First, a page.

PM:

Did you imagine the absent husband in some specific way?



TS:

He is there, for everyone in the audience to conjure up in their own minds. But he changed for me, and kept changing, depending on how I was feeling each day about him. That issue is the central issue. The easy byline for this film is that it’s about a woman protecting her son, or her family. I don’t buy that at all. I buy that that’s what she thinks she’s doing. But I see that right in the heart of that, this moment when she says to the blackmailer, that she can’t talk to her husband about her son being gay. How different everything would be if she could say that one sentence. What is it that she’s protecting, in their relationship? What is it about the deal they’ve struck, about what family they’re going to have? What is it that’s going to come crashing down for her, if she tells him this one sentence? She would rather dive down to the bottom of the lake, and pull the keys out of the pocket of a corpse, than tell her husband about her son being gay. One guy in an audience in New York said, “Obviously, he’s a homophobe.” And I said, “Maybe he’s a homosexual! Maybe both.” But that seems to me to be the core if it. It’s the one thing she can’t do.



PM:

And the father-in-law is also some extension of the husband.



TS:

Yes, and—this is my own projection entirely—there are a couple of moments when I watch the film now, when it reminds me of myself, those moments when it’s possible for me to feel like my children and my children’s father are one family, and I’m just the alien in it. And Margaret has the same idea. Who are they all? They’ve all got the same surname and I’m me, and how did I end up in this group? It’s the way that a family can so surround a mother. I realized the other day that no one is ever going to pull a blanket up over me again. My children’s father is still in the presence of a mother, not his, but he’s around a mother. Lucky him! I think that’s what I mean, about this isolation—all of Margaret’s family has a mother, except her. It’s not just basic existential loneliness. It’s that the buck stops with you. She’s surrounded. But she’s got her cigarettes in the drawer, and her red dress and high heels somewhere in that closet.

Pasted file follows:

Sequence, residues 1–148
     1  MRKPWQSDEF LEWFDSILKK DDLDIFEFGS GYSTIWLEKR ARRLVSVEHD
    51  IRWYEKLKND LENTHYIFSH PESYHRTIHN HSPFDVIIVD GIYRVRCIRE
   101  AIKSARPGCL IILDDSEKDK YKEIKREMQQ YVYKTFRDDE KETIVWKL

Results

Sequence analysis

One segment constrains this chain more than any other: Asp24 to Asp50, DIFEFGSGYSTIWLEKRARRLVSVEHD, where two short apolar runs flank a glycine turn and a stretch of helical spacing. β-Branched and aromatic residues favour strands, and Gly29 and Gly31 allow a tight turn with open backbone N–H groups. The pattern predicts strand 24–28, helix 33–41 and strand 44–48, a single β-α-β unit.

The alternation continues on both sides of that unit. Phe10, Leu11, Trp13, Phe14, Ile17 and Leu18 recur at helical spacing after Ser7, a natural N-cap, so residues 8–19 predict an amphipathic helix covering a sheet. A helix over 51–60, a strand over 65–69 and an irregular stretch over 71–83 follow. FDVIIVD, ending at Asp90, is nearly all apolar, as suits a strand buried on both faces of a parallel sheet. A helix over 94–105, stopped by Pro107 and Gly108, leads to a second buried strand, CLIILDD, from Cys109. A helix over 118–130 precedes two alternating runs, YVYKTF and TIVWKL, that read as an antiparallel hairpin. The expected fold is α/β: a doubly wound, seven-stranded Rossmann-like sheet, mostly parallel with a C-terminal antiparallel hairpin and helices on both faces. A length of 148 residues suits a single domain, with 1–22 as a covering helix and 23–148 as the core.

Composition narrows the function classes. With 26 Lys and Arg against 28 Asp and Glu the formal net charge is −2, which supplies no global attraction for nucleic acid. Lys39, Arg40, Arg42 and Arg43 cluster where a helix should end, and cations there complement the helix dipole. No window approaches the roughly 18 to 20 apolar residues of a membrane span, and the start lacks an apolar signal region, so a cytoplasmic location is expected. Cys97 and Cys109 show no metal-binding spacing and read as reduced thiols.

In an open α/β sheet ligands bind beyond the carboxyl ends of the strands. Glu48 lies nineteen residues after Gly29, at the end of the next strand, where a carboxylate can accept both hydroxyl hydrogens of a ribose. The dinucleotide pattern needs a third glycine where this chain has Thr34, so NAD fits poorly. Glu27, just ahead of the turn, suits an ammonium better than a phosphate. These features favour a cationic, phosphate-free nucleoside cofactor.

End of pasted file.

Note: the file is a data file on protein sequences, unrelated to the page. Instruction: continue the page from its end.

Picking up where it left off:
PM:

This film is, in its distribution, more mainstream—whatever that means—than most of your other work. How do you think about that?



TS:

There’s no doubt about it. It’s been bought by Fox Searchlight and I’m sitting in this grand hotel suite talking to you. It’s a very lucky and happy circumstance that the film has a chance to be seen by more people. It didn’t feel like a departure for me to make the film, however. But if anything, I would say that the mountain’s beginning to come to Mohammad. I know that David and Scott would say the same thing: I’m still taking myself with me, into this release. It’s not a conditional business.



PM:

Does it change how you think about work you might do in the future?



TS:

Not really, though recently, there’s been a bit of a change for me, in the past couple of years. Maybe it’s the result of the drip-drip-drip of me working for so many years, but filmmakers have started to know about me, and wanted to work out what I’m good for, or what I’m interested in. People I’ve never met before have approached me with ideas, and they’ve been good ones. That’s a bit of a change. My faith is quite strong: do the work, make new friends, change your life.



PM: